Email: roberto.muniz@Rutgers.edu or email@example.com (preferable)
Office hours: Before class or by appointment
Course will introduce administration and management techniques, standard practices, and provide real-life experience from a seasoned Long Term Care Administrator. Course will prepare students for a career in Long Term Care Administration. Emphasis is placed on Skilled Nursing Home Care, Assisted Living, Adult Day Care, Home Health Care, Hospice, and Senior Retirement Communities.
This three credit course will introduce students to a variety of management techniques and practices required for a career in long-term care administration. Upon completion of this course, students will expand their knowledge of different long-term care services and settings; understand professional standards and performance requirements; identify standards of care and services; describe the long-term care organization structure; understand the basics of LTC financial management; track current/future long-term care trends; and develop the core skills necessary to effectively manage staff and finances in the LTC industry as an administrator.
Douglas A. Singh, Effective Management of Long-Term Care Facilities, Second Edition, Jones and Bartlett Publishers.
Students will be responsible for weekly reading assignments. Additionally, handouts will periodically be provided in class and/or on-line. Students are expected to complete all reading assignments before the lecture date shown on the course schedule. Students should be prepared to discuss all reading assignments in class.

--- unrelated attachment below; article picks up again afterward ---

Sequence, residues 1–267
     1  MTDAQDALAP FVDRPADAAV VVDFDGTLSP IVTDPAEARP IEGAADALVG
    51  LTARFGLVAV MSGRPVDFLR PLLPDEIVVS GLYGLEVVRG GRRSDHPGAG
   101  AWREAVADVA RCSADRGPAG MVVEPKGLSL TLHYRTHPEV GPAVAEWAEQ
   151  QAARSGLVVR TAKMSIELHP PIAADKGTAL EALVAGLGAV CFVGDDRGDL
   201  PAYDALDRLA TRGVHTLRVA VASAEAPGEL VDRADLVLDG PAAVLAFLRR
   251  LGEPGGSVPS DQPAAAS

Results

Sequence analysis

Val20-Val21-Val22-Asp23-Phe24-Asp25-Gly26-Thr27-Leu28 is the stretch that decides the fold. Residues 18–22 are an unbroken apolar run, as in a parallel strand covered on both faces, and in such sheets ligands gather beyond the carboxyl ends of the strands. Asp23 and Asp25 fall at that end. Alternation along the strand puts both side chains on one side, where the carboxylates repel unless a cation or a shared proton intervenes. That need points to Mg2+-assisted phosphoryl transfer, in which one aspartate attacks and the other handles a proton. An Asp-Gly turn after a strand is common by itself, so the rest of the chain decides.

Over the course of the semester, each student will be required to bring in and present current event articles. Topics should focus on issues currently effecting long-term care, leadership, culture change in LTC, future trends, ethical issues, the aging process, and/or older adult health. Article sources may include but are not limited to: newspapers, peer-reviewed journals, and/or professional organizations. Students should be prepared to provide a 5-10 minute oral presentation of their current event in class. Presentations should summarize the article, identify the underline issues of the case, identify the most effective strategies for resolving the issue, support or not support the issues, provide alternative plan, etc. Case studies will provide the student with an opportunity to apply the skills and techniques they have learned in class to a real-life scenario.
All students are expected to attend class as scheduled and actively participate in class discussions.
The midterm exam will cover material from assigned readings, lectures, and class discussions. Exam format will include true/false and multiple choice. Unless the absence is authenticated by the University, no make-up exams will be provided.
Last Day of Class, no make-up exams will be provided.
This course follows the Rutgers University Policy on Academic Integrity. Any involvement with cheating, the fabrication, or invention of information used in an academic exercise, plagiarism, facilitating academic dishonest, or denying others access to information or material may result in disciplinary action being taken. Breaches of academic integrity can result in serious consequences ranging from reprimand to expulsion. The University’s policy on academic integrity can be found at: http://academicintegrity.rutgers.edu/policy-on-academic-integrity
Any student who believes that she/he may need an accommodation in this class due to a disability should contact the Office of Disability Services, Kreeger Learning Center, 151 College Avenue; firstname.lastname@example.org; 732-932-2847. Students must have a letter of accommodation from the Office of Disability Services in order to receive accommodations